Wage growth rate refers to the annual rate at which average wages or salaries increase over time due to inflation, general economic productivity, and individual productivity.

In our hypothetical example, we assume a consistent wage growth rate of 4% over the work-life of all three plaintiffs. In reality, this would not be the case. In reality, the rate at which wages increase is affected by many variables, including the mean and median averages of the years involved in the work-life, market conditions during those years, the treatment of fringe benefits, and other factors. This means that the wage growth rate for a 10-year-old, a 30-year-old, and a 50-year-old would vary.

Discount Rate

The discount rate represents the interest rate used to determine the present value of future cash flows. While the wage growth rate determines how earnings might increase over time, the discount rate reduces those future earnings in compensation for the time value of money, inflation, risks, and uncertainties.

In our hypothetical example, we use a discount rate of 6%. In reality, expert forensics derive discount rates from historical data, current market interest rates, economic forecasts, and U.S. Treasuries. Discount rates are amongst the most controversial factors related to determining the present cash value of damages and can vary depending on how the rate was derived.

Net Discount Rate

The net discount rate is derived by subtracting the wage growth rate from the discount rate to simplify calculations. Rather than calculate the inflation of future earnings based on wage growth and then discounting those inflated earnings back to present value, expert forensics can directly apply the net discount rate to future earnings to fairly and accurately arrive at a present value.

In our hypothetical example, we’re assuming a discount rate of 6% and a wage growth rate of 4%, giving us a net discount rate of 2%. Once again, in reality, the net discount rate would vary for each hypothetical plaintiff based on the factors influencing their wage growth and the corresponding discount rate.

Future Medical Expenses

Future medical expenses refer to the projected cost of future medical care that an injured plaintiff is expected to incur over their total life expectancy due to an injury. Determining future medical expenses involves an assessment from a medical professional to determine what future treatments, surgeries, medications, therapies, etc. will be required. Just like individual earnings, the cost of medical expenses will inflate over time and must be discounted to represent present value.

In our hypothetical scenario, we’ve chosen to ignore future medical expenses for the sake of simplicity. The cost of future medical expenses would be added to the total present value of damages.

Life Expectancy

Life expectancy is the average number of years a person of a specific age, gender, and health status can expect to live, based on standardized mortality tables and sometimes adjusted for individual circumstances such as pre-existing medical conditions.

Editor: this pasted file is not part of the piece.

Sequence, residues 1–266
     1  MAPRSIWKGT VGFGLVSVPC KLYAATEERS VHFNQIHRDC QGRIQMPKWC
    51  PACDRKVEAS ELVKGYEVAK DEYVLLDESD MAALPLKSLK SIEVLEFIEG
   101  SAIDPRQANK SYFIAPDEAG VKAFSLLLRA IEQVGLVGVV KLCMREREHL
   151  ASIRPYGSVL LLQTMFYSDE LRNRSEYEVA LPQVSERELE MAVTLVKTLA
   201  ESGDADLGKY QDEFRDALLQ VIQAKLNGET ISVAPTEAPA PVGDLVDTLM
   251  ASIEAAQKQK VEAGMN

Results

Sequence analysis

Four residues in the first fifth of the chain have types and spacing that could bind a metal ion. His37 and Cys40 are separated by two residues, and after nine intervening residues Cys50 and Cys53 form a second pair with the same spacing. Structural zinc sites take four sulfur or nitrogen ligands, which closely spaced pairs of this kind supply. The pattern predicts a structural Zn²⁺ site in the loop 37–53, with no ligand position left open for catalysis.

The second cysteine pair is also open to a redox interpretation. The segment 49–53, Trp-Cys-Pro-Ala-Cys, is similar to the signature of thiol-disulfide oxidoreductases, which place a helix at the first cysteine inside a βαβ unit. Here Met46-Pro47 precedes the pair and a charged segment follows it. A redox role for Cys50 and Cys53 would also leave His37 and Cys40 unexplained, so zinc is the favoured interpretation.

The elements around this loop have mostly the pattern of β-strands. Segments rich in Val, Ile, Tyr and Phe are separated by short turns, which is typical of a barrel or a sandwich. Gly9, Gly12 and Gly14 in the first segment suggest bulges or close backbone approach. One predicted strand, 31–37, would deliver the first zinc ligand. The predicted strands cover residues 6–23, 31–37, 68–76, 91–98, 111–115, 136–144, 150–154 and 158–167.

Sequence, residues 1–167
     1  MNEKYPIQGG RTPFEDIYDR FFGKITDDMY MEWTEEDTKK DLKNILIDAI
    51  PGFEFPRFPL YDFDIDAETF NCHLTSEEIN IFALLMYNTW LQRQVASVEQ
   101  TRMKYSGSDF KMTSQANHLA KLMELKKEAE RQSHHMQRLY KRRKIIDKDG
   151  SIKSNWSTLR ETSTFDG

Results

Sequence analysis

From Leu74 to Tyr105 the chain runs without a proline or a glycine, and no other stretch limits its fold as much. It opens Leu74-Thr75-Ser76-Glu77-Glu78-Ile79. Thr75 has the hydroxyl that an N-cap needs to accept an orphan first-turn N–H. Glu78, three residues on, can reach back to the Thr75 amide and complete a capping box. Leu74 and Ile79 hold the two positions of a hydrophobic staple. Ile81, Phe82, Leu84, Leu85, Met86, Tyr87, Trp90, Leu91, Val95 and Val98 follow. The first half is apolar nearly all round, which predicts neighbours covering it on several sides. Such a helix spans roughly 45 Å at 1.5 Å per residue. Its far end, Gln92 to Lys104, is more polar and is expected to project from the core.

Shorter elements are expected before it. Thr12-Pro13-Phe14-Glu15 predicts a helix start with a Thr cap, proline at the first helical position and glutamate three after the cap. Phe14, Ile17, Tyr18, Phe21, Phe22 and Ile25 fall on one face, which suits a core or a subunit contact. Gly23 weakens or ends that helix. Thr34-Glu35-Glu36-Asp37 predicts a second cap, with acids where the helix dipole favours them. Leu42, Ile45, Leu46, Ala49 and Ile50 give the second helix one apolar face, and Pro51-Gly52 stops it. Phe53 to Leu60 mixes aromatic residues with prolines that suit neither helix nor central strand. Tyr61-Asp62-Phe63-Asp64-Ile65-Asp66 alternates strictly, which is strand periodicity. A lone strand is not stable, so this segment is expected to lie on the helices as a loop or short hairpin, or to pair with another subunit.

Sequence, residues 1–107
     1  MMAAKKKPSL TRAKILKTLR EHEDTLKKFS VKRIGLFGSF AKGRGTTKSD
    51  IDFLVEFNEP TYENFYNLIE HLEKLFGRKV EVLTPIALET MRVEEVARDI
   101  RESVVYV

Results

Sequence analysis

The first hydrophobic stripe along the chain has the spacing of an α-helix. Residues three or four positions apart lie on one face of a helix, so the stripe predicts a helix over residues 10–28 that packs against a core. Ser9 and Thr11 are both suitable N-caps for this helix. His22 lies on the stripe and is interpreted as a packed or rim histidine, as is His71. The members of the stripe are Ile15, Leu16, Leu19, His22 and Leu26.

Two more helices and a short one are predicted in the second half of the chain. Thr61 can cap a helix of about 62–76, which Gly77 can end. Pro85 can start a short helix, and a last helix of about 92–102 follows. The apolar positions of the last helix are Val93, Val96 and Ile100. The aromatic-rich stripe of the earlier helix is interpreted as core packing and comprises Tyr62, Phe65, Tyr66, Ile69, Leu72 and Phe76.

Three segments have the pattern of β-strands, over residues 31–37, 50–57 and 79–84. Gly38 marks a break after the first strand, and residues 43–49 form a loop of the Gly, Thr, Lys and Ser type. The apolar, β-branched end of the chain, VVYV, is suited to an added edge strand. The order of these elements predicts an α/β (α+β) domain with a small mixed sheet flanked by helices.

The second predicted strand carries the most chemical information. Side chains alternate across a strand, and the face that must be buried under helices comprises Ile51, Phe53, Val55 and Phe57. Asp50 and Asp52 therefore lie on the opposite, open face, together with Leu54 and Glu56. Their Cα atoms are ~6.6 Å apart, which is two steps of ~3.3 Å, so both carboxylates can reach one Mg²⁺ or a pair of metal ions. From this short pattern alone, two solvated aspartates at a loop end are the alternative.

In our hypothetical example, we’ve assumed a fixed work-life expectancy. In reality, an injury often reduces a plaintiff’s work-life expectancy. The plaintiff’s life expectancy determines more precise lost earning values in these cases. Likewise, future medical expenses usually continue past a plaintiff’s work-life expectancy. Therefore, life expectancy is used to determine the total future medical expenses. Additionally, life expectancy affects wage growth rates and discounting durations.

Market Conditions

Market conditions encompass a variety of external factors, such as interest rates, inflation, economic growth, technological advancements, and regulatory changes that influence the supply, demand, and pricing within an economy.

In the context of present value calculations, these conditions are crucial: interest rates and inflation directly affect the discount rate used to determine the current worth of future sums, economic growth can influence wage trajectories and profits, technological changes might alter future costs or earnings, and regulatory or geopolitical events can introduce unforeseen risks or opportunities. Market conditions shape the estimation of future amounts and the rate at which they are discounted to their present value.

Returning to Our Hypothetical Example

In our hypothetical example, we compare three personal injury cases of a 10-year-old plaintiff, a 30-year-old plaintiff, and a 50-year-old plaintiff. For simplicity, each has a fixed earning capacity of $40,000 per year, a work-life to age 65, a stable wage growth rate of 4%, and a discount rate of 6%. We also will not consider future medical expenses or market conditions. Based on the factors explained above, here is what the hypothetical present value calculations might look like

10-Year-Old Plaintiff 30-Year-Old Plaintiff 50-Year-Old Plaintiff
Earning Capacity $40,000 $40,000 $40,000
Work-Life Expectancy 47 years 35 years 15 years
Discount Rate 6% 6% 6%
Wage Growth Rate 4% 4% 4%
Net Discount Rate 2% 2% 2%
Future Value of Damages $7,277,798 $3,063,933 $832,981
Present Value of Damages $1,054,652 $999,945 $513,971

Expert Economic Damage Calculations for Present and Future Values

Calculating the present value of damages is a nuanced process where expertise and precision are essential. At The Knowles Group, we have decades of experience assessing and quantifying these damages, considering factors like work-life estimates and economic shifts. Serving attorneys and litigation firms nationwide, our forensic economic consulting provides meticulous analysis to determine accurate valuations in various legal cases.

Eric Knowles, MBA

The Knowles Group has been providing professional economic services to the legal community since 1979. The firm has worked on behalf of thousands of attorneys in a dozen states and Canada. Testimony has been provided in both federal and state venues.